Tuesday, 20 January 2009

P200-b stimulus plan hangs as Congress delays budget

By Joyce Pangco Pañares and Christine F. Herrera
The Manila Times
http://www.manilatimes.net/

THE government has identified 3,200 infrastructure projects, worth at least P60 billion, that it will implement in the first six months of the year as part of an economic stimulus package that aims to spur growth and generate at least 35,000 jobs.

But funds for the projects are still uncertain because Congress has yet to pass the government’s P1.425-billion budget, which covers the economic stimulus plan amounting to P200 billion.

“Time is of the essence here,” Public Works Undersecretary Ramon Aquino said. “We want to make sure that these projects are implemented quickly.”

Aquino said the Public Works Department had doubled the amount that local district directors may disburse without clearance to cut red tape.

“Before, our district directors could only release funds for projects worth P50 million and below, but that amount has been doubled to P100 million,” he said.

Aquino said bidding for all the projects must be finished by next month. Public Works directors must be resourceful in solving problems relating to road right-of-way, and those failing to comply with the spending plan would be re-assigned.

“Sanctions will be imposed on officials who fail to implement projects quickly, and resources will be shifted from slow to fast-moving projects,” he said.

Among the projects identified for financing were the Halsema Highway and Bontoc-Tabuk-Tuguegarao Road in the Cordilleras; the Baler-Casiguran Road and Dingalan Port Road in Central Luzon; the Marikina-Infanta Road in Calabarzon; the Iloilo East Coast Road and Calbiga-Tacloban Road in the Visayas; and the Basilan Circumferential Road, Surigao-Davao Coastal Road, and Iligan Circumferential Road in Mindanao.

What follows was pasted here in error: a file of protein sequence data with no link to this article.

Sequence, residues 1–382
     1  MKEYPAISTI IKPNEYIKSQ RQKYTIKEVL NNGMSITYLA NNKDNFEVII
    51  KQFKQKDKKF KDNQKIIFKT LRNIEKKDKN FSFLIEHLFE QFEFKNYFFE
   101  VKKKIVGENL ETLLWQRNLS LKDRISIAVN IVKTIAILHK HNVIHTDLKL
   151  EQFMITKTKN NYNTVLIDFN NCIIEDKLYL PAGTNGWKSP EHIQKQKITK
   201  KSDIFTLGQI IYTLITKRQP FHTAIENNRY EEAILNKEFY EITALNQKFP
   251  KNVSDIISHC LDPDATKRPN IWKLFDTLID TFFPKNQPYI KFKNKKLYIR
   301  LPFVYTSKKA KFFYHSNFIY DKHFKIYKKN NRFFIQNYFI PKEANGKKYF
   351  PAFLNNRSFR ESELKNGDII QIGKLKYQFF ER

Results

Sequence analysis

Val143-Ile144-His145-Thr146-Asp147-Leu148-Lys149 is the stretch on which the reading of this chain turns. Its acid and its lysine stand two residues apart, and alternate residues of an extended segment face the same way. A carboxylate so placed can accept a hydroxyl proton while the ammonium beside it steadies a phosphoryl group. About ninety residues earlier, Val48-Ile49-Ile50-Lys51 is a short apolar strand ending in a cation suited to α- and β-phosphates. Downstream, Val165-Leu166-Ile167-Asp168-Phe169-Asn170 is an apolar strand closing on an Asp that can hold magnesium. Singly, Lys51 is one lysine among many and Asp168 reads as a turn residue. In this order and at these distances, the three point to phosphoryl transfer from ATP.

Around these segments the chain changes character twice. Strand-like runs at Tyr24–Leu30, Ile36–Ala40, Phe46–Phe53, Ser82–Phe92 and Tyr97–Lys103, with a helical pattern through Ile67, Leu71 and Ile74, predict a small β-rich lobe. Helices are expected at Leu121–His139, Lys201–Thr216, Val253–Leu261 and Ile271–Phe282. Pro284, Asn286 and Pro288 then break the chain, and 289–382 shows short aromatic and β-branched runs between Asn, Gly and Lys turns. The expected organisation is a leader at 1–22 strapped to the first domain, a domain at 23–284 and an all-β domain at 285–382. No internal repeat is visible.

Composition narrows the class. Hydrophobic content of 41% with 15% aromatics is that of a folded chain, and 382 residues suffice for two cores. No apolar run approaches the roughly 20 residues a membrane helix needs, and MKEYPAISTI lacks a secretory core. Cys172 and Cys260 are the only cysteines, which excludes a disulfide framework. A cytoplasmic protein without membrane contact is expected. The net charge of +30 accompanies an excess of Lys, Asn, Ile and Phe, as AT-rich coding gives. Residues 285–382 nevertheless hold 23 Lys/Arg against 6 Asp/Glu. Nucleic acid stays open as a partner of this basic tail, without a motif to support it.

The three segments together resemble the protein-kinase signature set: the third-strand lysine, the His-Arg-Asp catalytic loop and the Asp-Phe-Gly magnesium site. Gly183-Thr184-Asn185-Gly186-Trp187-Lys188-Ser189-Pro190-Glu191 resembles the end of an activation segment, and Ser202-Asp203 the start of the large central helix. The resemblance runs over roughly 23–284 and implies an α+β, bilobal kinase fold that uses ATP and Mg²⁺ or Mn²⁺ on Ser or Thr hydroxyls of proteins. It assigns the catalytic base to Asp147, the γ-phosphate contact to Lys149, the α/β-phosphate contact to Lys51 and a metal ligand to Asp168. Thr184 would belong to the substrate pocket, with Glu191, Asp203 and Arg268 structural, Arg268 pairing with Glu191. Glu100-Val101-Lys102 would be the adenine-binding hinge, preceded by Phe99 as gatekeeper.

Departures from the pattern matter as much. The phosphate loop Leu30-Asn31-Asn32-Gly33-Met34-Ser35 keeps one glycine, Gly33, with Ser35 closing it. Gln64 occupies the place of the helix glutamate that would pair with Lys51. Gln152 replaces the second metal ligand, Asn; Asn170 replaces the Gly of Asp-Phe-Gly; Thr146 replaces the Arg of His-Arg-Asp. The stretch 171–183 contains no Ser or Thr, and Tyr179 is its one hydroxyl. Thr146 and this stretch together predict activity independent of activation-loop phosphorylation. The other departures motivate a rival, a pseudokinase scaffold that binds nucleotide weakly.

But the spending plan may only be implemented once Congress approves the P1.4-trillion budget that is still pending in a bicameral conference committee. The budget was supposed to have been passed by Dec. 17, but it was overtaken by Congress’ Christmas break.

“We need to work double-time,” Speaker Prospero Nograles said on the eve of the resumption of congressional sessions, noting that Congress would have only 21 session days before it went on a month-long recess from March 6 to April 12.

Nograles said the bicameral conference committee had been meeting Mondays to Wednesdays, but its leaders, Senator Edgardo Angara and Quezon Rep. Junie Cua, had the option of meeting on Thursdays and Fridays too.

If Congress fails to pass the budget on time, the Executive department will have to operate on a reenacted budget of P1.2 trillion, which does not include the P200 billion that was allocated to finance priority projects.

The budget is one of several priority measures that include a new law extending the Comprehensive Agrarian Reform Law, which expired Dec. 31, 2008; the reproductive health bill, and a proposal to amend the Constitution.

The House and Senate also have to act on bicameral conference committee reports on amendments to the Anti-Money Laundering Law, the investment and incentive code, corporate reform act, oil deregulation law, cyber-crime act, reforms of food and drug laws, the Philippine lemon law, rent control law and anti-squatting law, among others.

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